Removal of formaldehyde from indoor air : enhancing surface-mediated reactions on activated carbon




Carter, Ellison Milne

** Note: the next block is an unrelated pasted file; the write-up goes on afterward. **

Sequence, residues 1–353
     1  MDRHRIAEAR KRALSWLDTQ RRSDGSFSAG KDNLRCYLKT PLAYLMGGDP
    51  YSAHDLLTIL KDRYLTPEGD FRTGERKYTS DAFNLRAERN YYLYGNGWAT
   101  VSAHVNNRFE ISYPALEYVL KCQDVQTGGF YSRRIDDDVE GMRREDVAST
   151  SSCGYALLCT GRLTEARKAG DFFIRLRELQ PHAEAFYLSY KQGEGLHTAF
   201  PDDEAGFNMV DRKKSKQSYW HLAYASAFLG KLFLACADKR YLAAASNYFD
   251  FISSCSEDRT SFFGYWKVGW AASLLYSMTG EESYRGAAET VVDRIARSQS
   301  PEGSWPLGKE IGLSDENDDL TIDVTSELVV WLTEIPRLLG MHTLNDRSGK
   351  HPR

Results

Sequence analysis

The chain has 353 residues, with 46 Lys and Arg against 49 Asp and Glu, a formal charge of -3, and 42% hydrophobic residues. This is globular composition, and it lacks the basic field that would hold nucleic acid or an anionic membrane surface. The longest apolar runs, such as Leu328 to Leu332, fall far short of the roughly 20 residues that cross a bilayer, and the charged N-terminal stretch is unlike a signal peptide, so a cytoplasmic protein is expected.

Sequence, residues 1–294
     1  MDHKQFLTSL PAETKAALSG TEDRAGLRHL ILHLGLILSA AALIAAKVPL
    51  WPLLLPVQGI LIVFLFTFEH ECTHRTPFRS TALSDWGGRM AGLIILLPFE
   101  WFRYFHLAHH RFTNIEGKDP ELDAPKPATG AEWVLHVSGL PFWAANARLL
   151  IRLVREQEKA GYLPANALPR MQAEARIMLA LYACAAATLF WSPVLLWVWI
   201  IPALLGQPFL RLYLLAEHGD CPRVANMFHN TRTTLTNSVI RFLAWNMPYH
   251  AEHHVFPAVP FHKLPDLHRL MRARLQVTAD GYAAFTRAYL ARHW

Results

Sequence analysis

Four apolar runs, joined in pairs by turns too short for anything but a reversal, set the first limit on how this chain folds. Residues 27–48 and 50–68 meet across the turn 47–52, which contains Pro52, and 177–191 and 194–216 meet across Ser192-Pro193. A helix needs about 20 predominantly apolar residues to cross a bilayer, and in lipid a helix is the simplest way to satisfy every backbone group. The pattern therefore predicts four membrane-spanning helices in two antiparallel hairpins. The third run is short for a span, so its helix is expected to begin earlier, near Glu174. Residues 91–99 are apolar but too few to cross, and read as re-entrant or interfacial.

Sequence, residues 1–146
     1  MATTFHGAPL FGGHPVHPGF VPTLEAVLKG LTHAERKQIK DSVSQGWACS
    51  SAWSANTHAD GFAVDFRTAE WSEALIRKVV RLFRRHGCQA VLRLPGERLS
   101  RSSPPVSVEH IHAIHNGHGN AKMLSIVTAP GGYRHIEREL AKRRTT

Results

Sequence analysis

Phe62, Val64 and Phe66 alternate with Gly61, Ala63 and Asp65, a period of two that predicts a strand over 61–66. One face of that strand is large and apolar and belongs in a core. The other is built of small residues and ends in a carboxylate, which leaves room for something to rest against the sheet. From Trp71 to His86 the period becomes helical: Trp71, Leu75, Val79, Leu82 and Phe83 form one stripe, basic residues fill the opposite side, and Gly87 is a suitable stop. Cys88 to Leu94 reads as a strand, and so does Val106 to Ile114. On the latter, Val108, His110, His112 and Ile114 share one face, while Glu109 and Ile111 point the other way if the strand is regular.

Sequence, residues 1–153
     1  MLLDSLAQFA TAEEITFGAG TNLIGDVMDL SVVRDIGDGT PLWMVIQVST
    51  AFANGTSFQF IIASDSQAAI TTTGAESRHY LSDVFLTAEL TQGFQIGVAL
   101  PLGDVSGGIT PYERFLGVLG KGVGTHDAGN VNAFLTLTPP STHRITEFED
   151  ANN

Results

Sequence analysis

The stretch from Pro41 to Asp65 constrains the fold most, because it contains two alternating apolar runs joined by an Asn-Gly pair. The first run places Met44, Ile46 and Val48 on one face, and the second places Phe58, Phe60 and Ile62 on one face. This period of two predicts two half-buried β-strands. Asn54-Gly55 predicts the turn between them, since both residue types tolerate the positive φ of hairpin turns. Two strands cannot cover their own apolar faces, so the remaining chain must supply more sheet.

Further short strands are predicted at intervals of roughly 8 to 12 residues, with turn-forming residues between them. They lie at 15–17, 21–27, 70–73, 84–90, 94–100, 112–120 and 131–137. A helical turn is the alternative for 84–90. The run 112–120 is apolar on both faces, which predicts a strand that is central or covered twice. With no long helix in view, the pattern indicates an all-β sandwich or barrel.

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Formaldehyde is a ubiquitous and hazardous indoor air pollutant and reducing concentrations in indoor environments is a public health priority. The goals of this doctoral work were to advance analytical methods for continuous monitoring of formaldehyde at very low concentrations (sub-20 ppb[subscript v]) and to improve fundamental, mechanistic understanding of how structural and chemical properties of activated carbon influence removal of formaldehyde from indoor environments. To achieve these goals, emerging sensor-based technology was evaluated for its ability to detect and quantify ppb[subscript v]-level formaldehyde concentrations on a continuous basis at relative humidity levels characteristic of residential indoor environments. Also, a combination of spectroscopic and selective titration techniques was employed to characterize molecular-level structural and chemical properties of traditional and chemically treated granular activated carbon (GAC). In addition to selecting two different commercially available GACs for study, design and preparation of a laboratory-prepared, chemically treated GAC was pursued to create nitrogen-doped GAC with desirable surface chemical properties. Performance of all GACs was evaluated with respect to formaldehyde removal through a series of packed bed column studies. With respect to continuous formaldehyde monitoring, a method detection limit for emerging sensor technology was determined to be approximately 2 ppb[subscript v], and for relative humidity levels characteristic of indoor environments (> 40%), quantitative, continuous formaldehyde measurements less than 10 ppb[subscript v] were robust. The two commercially available GACs tested were both capable of removing formaldehyde; however, the GAC with greater density of basic surface functional groups and greater electron-donating potential (Centaur) removed twice as much formaldehyde (on a GAC mass basis) as the less basic GAC (BPL). A laboratory-prepared GAC (BPL-N) was successfully created to contain pyridinic and pyrrolic nitrogen, which was associated with increased surface density of basic functional groups, as well as with increased electron-donating potential. BPL-N exhibited better removal capacity for formaldehyde than BPL and Centaur. Furthermore, packed bed column studies of BPL-N and BPL formaldehyde removal performance yielded evidence to support the hypothesis that electron-donating potential, especially nitrogen functional groups at the BPL-N surface, promote catalytic removal of gas-phase formaldehyde via oxidation.



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